|Número de publicación||US5930948 A|
|Tipo de publicación||Concesión|
|Número de solicitud||US 08/908,836|
|Fecha de publicación||3 Ago 1999|
|Fecha de presentación||8 Ago 1997|
|Fecha de prioridad||8 Ago 1997|
|Número de publicación||08908836, 908836, US 5930948 A, US 5930948A, US-A-5930948, US5930948 A, US5930948A|
|Inventores||Clarence H. Daniel|
|Cesionario original||Daniel; Clarence H.|
|Exportar cita||BiBTeX, EndNote, RefMan|
|Citas de patentes (14), Citada por (25), Clasificaciones (10), Eventos legales (5)|
|Enlaces externos: USPTO, Cesión de USPTO, Espacenet|
This invention relates generally to a plant protection device for covering shrubbery and other plants with flexible netting to prevent deer and other animals from eating the plant foliage and blossoms or otherwise damaging the plants.
It is generally known to provide cage type supports for supporting flexible netting and the like over small plants and shrubs (including vegetables) to protect them from damage by deer and other foraging animals.
One of the drawbacks of previous known supports of this type is that each support will only protect a single plant up to a given size. This necessitates providing supports in a wide range of sizes to conform to a wide range of types and sizes of plants. Also, such supports do not readily lend themselves to protecting plants that are planted close together or close to a house or other building structure. Nor do such supports readily lend themselves to protecting plants in a garden plot. Furthermore, the supports do not readily permit access to the protected plants without completely removing all of the netting covering the plants.
The plant protection device of the present invention provides a simple and versatile way of protecting a wide variety of types and sizes of plants from being eaten or damaged by deer and other animals.
In accordance with one aspect of the invention, a single size plant protection device can readily be adapted to protect different shapes and sizes of plants.
In accordance with another aspect of the invention, the device can effectively be used to protect plants growing close up against houses and other building structures.
In accordance with another aspect of the invention, a plurality of such devices can readily be used to protect shrubs or plants planted close together, including plants in a garden plot.
In accordance with another aspect of the invention, the device can be configured to facilitate the blowing of leaves and snow and other debris off the netting.
In accordance with another aspect of the invention, the device can readily be folded to a smaller size for ease of storage when not in use.
In accordance with another aspect of the invention, the device allows for easy access to the protected plants through the top without having to remove any of the netting.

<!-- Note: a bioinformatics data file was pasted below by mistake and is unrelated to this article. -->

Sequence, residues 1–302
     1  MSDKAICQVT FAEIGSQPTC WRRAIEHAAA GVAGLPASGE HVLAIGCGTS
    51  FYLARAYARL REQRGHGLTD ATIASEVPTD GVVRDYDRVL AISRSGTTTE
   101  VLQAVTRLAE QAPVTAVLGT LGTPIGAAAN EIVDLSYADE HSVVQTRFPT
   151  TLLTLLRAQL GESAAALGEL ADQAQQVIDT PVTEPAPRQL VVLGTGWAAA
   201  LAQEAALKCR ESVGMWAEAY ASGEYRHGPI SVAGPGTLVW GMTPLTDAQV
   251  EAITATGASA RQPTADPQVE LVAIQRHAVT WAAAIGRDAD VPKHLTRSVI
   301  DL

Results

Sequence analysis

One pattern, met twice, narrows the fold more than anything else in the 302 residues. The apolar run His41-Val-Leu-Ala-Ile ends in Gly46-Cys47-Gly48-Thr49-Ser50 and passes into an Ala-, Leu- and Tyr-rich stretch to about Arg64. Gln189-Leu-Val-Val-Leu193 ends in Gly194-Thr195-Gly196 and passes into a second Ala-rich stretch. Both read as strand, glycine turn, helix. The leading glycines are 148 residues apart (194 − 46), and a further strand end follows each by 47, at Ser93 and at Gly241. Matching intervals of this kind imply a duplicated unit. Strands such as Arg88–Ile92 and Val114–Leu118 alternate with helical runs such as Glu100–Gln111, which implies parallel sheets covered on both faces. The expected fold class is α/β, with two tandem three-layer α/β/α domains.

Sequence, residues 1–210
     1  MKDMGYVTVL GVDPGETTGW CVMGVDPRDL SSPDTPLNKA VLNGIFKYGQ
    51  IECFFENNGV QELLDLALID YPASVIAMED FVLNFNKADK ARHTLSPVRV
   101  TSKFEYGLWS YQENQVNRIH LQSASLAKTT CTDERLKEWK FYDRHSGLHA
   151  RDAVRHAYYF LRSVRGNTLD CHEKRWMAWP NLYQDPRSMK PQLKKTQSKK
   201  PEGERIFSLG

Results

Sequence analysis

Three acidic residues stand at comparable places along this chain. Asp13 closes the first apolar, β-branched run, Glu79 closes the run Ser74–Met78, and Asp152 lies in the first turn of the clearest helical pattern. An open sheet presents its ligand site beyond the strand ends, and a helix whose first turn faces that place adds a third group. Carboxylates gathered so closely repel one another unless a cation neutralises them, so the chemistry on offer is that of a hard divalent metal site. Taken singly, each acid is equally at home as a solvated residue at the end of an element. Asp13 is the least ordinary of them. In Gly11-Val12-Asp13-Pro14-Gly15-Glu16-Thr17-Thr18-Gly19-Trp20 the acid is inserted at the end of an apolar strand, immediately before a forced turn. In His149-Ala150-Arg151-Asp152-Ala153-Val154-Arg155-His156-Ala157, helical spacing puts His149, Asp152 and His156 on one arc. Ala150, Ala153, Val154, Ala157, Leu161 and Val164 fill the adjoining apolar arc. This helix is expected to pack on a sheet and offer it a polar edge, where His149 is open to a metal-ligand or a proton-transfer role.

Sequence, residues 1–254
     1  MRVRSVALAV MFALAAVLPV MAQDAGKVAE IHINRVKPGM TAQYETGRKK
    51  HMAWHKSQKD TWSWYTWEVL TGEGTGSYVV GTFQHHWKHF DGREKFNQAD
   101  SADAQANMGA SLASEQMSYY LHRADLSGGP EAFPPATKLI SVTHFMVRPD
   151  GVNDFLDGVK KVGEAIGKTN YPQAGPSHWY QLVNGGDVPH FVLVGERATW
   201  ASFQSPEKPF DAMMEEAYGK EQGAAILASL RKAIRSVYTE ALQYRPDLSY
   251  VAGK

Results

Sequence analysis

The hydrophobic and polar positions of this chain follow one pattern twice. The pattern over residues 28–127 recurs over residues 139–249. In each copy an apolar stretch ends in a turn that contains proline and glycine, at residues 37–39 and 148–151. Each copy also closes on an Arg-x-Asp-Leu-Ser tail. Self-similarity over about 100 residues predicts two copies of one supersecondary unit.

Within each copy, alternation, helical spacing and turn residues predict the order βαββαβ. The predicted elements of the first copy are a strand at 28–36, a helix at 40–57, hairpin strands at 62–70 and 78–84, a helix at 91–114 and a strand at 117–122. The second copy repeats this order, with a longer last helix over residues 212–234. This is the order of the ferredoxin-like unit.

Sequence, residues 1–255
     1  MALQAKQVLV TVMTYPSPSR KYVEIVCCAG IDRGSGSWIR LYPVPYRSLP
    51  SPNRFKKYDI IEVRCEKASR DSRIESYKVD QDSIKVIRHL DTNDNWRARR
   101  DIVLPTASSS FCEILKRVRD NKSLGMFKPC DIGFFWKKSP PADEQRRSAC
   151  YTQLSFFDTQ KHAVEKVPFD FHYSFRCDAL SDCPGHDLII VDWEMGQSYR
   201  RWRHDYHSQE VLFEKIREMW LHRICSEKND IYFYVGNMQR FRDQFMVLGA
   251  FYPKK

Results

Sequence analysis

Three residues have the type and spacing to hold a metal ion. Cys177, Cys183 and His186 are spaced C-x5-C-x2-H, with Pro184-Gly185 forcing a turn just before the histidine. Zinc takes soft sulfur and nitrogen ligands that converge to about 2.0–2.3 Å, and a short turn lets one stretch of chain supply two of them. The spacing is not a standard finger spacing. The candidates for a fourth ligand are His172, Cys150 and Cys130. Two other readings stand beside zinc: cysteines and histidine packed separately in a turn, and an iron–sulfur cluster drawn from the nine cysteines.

In accordance with another aspect of the invention, the device can quickly and easily be assembled and disassembled for storage and shipment, and all of the parts including the netting are reusable.
These and other objects, advantages, features and aspects of the present invention will become apparent as the following description proceeds.
To the accomplishment of the foregoing and related ends, the invention, then, comprises the features hereinafter fully described and particularly pointed out in the claims, the following description and the annexed drawings setting forth in detail certain illustrative embodiments of the invention, these being indicative, however, of but several of the various ways in which the principles of the invention may be employed.
In the annexed drawings:
FIG. 1 is a schematic perspective view of one form of plant protection device in accordance with the present invention;
FIG. 2 is a fragmentary exploded view showing the center support and top frame of the device of FIG. 1 in disassembled form;
FIG. 3 is an enlarged fragmentary side elevation view of a modified form of center support for the device of FIG. 1;
FIG. 4 is an enlarged side elevation view of the top frame of the device of FIG. 1 showing all of the top frame rods sloping downwardly and outwardly from the center support at a slight angle;
FIG. 5 is an enlarged side elevation view of the top frame similar to FIG. 4 but sewing two of the top frame rods sloping upwardly at a slight angle and the other two top frame rods sloping downwardly at a slight angle;
FIG. 6 is an enlarged perspective view of a holder for the top frame rods;
FIGS. 7 and 8 are respectively enlarged fragmentary side elevation and perspective views of the outer end of one of the top frame rods showing different end caps inserted into such ends;
FIGS. 9 and 10 are respectively schematic side elevation and top plan views showing one plant protection device of this invention protecting a single plant;